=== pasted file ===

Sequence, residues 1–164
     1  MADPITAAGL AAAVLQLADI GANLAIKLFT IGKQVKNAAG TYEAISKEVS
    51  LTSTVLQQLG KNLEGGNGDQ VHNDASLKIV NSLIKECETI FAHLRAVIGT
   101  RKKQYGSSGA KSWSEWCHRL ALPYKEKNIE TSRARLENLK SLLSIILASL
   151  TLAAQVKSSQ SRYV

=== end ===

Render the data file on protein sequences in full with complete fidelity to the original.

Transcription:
Sequence, residues 1–164
     1  MADPITAAGL AAAVLQLADI GANLAIKLFT IGKQVKNAAG TYEAISKEVS
    51  LTSTVLQQLG KNLEGGNGDQ VHNDASLKIV NSLIKECETI FAHLRAVIGT
   101  RKKQYGSSGA KSWSEWCHRL ALPYKEKNIE TSRARLENLK SLLSIILASL
   151  TLAAQVKSSQ SRYV